|Federal prosecutors are furious at a Montana-based group that posted signs at the Judiciary Square Metro stop reminding District of Columbia residents of their rights under the law. The offending message, sponsored by the Fully Informed Jury Association, says simply, “Good jurors nullify bad laws.” Nothing angers lawyers and judges like the empowerment of those who aren’t a member of their club.|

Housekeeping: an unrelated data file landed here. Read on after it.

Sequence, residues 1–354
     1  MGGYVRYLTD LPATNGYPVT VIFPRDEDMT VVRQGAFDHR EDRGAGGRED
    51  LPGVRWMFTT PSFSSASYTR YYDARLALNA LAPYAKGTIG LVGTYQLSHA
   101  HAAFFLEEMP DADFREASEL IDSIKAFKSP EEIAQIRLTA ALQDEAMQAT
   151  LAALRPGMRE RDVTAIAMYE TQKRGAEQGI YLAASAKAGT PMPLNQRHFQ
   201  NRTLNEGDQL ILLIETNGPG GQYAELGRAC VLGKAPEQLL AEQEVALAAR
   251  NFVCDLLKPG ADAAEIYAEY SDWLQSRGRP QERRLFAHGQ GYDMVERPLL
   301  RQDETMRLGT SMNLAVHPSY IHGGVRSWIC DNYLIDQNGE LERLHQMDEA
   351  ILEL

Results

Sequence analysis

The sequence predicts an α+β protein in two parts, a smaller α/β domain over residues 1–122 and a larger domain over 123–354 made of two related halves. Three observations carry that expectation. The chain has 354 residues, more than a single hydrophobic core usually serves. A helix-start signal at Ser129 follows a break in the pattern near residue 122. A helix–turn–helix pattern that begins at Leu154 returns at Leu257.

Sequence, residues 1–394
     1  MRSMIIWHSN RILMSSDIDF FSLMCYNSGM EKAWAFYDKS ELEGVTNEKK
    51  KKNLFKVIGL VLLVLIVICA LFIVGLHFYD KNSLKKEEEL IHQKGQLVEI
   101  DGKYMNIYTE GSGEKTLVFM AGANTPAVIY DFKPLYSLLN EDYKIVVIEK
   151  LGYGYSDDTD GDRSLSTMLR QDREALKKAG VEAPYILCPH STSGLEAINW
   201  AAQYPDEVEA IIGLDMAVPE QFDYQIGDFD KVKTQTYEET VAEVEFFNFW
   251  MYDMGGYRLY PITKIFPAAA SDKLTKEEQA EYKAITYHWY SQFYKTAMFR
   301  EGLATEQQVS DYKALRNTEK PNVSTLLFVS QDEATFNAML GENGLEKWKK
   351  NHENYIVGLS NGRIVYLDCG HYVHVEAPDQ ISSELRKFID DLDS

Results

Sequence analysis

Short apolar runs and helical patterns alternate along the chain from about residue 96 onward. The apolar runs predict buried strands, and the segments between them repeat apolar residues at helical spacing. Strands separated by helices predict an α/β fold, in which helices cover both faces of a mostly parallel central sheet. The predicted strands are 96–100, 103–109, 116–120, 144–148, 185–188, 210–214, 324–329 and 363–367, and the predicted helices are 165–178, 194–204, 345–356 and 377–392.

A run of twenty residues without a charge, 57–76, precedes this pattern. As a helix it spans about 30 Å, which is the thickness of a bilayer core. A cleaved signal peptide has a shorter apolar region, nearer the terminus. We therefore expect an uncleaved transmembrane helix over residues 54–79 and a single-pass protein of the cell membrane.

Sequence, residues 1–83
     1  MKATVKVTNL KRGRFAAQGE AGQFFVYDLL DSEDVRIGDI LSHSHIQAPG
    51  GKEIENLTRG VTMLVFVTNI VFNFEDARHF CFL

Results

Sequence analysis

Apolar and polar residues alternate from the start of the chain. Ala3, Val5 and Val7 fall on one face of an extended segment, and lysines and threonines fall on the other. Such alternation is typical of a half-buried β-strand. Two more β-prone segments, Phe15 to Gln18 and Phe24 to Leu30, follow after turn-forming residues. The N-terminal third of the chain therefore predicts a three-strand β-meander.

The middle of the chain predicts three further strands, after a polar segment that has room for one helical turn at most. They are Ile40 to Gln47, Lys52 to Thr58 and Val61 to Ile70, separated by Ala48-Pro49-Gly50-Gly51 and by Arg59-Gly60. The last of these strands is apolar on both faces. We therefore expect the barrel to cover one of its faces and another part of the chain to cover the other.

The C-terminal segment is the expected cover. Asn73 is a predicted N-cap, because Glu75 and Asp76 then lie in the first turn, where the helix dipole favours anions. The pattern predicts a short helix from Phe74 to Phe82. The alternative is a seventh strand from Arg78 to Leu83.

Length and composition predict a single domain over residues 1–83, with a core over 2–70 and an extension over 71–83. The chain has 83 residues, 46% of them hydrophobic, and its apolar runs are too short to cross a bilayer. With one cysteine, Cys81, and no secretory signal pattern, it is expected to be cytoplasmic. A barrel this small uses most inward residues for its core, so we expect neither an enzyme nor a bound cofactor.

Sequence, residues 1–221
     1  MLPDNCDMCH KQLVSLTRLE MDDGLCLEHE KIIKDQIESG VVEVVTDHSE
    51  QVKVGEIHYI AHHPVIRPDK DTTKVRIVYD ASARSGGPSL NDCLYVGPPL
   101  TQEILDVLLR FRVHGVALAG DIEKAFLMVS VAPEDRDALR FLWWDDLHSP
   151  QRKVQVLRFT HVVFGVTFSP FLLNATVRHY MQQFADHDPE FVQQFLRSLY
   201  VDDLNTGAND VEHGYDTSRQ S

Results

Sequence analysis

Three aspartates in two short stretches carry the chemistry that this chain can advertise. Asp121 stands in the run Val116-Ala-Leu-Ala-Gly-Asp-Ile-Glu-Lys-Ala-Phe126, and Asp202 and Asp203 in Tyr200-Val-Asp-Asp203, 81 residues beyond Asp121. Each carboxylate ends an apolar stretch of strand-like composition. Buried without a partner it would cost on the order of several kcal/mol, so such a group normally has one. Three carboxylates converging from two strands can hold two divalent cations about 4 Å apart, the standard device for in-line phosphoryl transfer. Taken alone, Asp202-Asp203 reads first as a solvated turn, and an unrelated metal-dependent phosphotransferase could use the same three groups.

Jury nullification is rarely discussed by lawyers at the bar, either the courtroom bar or the bar on the corner, but jury nullification has been with us since the time of the Founding Fathers. Alexander Hamilton wrote in the Federalist Papers that trial by jury is the “very palladium of free government,” serving as a check against “arbitrary methods of prosecuting pretended offenses” that are the “engines of judicial despotism.” There’s no better example than juries nullifying the effects of the Fugitive Slave Act of 1850, which required that slaves captured in free states be captured and returned in chains to their owners. Juries often preserved the freedom of these slaves by refusing to convict runaway slaves.
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